According to Pricewaterhouse Coopers (PwC), “one thing is clear: businesses, governments and communities across the world need to plan for a warming world – not just 2C, but 4C or even 6C.” Given this cheery prologue, what are the characteristics that businesses should be preparing for as we look forward to a destabilizing climate?
Category: Climate & Environment
This category is climate change in relation to sustainability and CSR and how these segments effect one another. This includes how climate change has started to cause a wide range of physical effects with serious implications for investors and businesses, and how the business sector discloses climate risks and manage them.
“We need women playing a role at all levels, from product development to government policy – alongside their role as consumers, making choices for themselves and their families. Many women do not realise the huge impact they could have on society and the environment.”
The New York State Assembly last week approved a two-year moratorium on fracking, extending a de facto ban that has been in place since 2008. The moratorium, if approved by the State Senate and signed by Gov. Andrew Cuomo, will extend to 2015.
NYC Mayor Michael Bloomberg has advocated for shrinking the U.S. coal industry, and the coal industry has fired back with a letter in defense of “clean” coal.
Salt Sugar Fat: How the Food Giants Hooked Us, the new book by Michael Moss has an interesting CSR angle – no matter how you look it, this story is not just about salt, sugar and fat, but also about corporate responsibility, or more accurately about the lack of it.
Michelle Obama’s column “The Business Case for Healthier Food Options” tries to show CEOs and Wall-Street the business case for doing the right thing. However, while she made a pretty good case, I doubt the target audience of this column will take it seriously.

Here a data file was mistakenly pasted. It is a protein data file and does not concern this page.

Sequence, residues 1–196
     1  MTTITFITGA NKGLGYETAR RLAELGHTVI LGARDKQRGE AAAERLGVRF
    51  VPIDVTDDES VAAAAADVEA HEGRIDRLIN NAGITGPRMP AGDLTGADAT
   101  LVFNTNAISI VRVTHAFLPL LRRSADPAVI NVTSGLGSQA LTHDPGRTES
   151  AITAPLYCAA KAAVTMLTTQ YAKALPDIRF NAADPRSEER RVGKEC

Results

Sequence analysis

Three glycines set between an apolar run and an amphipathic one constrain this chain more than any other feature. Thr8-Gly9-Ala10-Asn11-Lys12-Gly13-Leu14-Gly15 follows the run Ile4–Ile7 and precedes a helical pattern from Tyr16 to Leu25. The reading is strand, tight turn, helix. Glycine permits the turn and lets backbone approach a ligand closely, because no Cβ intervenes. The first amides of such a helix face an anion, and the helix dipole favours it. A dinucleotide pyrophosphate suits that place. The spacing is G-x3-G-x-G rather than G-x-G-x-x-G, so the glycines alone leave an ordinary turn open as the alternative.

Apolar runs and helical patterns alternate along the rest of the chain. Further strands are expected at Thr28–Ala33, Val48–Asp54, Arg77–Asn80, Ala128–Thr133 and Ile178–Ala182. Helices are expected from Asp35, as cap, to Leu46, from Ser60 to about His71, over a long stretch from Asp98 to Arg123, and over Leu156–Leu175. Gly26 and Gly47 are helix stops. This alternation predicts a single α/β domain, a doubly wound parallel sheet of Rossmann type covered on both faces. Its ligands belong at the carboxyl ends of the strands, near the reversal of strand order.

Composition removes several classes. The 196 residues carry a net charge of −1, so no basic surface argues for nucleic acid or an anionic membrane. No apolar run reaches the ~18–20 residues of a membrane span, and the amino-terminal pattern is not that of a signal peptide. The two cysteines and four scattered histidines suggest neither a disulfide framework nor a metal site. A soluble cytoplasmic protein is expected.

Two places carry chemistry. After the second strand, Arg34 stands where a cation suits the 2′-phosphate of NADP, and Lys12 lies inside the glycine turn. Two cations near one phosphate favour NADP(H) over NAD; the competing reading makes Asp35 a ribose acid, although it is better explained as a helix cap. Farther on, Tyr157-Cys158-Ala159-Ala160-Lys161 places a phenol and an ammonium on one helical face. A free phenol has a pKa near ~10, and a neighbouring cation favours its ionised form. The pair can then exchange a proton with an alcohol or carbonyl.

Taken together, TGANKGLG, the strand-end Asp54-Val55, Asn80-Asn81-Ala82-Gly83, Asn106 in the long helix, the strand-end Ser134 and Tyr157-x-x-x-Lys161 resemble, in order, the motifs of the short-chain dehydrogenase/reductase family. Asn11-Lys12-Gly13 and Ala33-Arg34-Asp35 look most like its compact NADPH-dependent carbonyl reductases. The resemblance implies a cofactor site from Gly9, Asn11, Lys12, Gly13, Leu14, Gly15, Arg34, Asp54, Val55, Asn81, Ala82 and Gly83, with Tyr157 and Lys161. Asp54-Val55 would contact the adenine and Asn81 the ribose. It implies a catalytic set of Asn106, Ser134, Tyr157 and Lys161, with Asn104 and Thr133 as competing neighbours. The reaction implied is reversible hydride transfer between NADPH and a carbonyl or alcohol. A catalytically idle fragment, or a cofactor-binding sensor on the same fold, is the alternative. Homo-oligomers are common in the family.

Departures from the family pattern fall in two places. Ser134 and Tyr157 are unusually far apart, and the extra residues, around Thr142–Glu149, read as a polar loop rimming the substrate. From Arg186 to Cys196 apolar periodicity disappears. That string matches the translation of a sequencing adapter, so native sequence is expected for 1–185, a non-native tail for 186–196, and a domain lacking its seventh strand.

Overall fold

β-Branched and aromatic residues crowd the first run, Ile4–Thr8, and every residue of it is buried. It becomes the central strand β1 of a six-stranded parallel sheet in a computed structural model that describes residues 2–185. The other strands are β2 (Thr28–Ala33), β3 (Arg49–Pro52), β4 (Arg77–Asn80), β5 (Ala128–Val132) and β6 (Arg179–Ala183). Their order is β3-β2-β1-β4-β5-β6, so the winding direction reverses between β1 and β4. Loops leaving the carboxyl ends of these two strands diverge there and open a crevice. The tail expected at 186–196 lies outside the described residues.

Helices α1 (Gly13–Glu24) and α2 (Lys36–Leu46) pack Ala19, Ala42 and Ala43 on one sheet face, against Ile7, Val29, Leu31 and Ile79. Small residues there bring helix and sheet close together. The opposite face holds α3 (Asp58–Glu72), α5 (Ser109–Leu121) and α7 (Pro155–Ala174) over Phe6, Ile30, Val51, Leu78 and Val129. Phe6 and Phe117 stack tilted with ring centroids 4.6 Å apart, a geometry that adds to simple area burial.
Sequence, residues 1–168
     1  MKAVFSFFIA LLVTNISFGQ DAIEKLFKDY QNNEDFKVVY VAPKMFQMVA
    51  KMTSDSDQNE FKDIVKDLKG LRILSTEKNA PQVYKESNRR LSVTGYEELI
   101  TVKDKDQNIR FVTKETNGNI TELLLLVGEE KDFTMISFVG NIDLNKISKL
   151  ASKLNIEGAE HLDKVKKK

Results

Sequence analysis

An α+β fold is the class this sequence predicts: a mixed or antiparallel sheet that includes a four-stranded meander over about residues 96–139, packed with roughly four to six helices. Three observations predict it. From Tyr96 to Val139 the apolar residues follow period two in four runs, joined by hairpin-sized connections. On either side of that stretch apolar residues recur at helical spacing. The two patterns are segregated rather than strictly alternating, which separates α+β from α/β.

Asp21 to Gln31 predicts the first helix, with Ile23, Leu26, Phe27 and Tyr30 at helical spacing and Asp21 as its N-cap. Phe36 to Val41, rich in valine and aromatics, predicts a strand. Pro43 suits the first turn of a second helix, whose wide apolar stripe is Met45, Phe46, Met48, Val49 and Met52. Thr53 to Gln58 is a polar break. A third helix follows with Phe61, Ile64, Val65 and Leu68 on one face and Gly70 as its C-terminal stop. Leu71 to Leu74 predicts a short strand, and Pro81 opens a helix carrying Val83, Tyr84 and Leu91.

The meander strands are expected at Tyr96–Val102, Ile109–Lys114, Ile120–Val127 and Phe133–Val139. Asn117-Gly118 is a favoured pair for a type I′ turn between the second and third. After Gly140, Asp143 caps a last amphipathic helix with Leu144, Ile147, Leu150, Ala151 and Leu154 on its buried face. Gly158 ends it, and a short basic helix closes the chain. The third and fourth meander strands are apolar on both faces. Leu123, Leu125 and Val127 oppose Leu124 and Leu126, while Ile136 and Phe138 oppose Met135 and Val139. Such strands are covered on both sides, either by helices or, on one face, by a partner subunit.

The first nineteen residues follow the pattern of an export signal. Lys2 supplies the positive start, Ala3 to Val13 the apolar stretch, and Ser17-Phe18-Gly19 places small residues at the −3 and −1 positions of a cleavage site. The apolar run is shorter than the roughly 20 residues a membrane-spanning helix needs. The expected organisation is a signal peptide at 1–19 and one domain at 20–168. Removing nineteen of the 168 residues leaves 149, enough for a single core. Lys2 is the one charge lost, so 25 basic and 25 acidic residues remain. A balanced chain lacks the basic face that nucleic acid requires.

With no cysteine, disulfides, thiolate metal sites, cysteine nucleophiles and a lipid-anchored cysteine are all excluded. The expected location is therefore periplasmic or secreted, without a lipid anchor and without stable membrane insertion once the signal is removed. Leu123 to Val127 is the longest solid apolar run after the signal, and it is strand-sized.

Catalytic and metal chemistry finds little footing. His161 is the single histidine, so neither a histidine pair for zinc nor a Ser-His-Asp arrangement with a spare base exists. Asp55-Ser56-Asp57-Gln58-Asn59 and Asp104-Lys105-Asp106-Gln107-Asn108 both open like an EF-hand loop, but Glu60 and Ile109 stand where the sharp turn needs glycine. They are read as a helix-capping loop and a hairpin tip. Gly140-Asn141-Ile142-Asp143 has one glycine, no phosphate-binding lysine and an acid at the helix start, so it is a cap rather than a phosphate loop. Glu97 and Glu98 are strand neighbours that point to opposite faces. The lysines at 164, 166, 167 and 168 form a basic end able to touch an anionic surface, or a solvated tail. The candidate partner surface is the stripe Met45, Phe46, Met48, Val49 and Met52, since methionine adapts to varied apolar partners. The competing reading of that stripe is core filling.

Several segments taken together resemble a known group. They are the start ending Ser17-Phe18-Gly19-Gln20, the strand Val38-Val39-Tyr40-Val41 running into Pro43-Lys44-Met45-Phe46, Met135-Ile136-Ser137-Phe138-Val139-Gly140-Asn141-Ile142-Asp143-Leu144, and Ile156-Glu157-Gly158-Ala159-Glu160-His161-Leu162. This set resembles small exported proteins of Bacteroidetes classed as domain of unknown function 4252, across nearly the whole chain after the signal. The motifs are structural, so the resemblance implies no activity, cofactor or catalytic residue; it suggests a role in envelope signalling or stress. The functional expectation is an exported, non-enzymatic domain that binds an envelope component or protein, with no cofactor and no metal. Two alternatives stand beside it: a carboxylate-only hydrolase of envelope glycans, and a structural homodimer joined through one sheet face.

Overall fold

Shell has been known for exercising foresight through their extensive, and carefully considered scenario planning efforts for forty years. Their latest report, which was just released last week, contained a combination of good news and bad news.
This year (2013) marks the International Year of Water Cooperation. As countries and corporations vie for control over precious water resources, is it right for companies to have a say in how the planet’s valuable water resources are managed, distributed and restricted?
Last week the Biomimicry 3.8 Institute announced the round-one winners of the Student Design Challenge. The three teams designed a water filter based on fish gills, a produce chiller inspired by honeybees, and a farming strategy for the driest desert in the world.
Ready to throw in the towel when it comes to getting people to change their recycling habits, Houston officials have decided to reach out for a technological fix instead. The Total Reuse—One Bin For All initiative was Houston’s entry in the Mayor’s Challenge, a Bloomberg Philanthropies competition.
Since California’s cap-and-trade program for greenhouse gases officially entered into force this year, many have focused on its cost to businesses – particularly energy companies and industry. However, California consumers will actually start seeing some rewards – even in disadvantaged communities.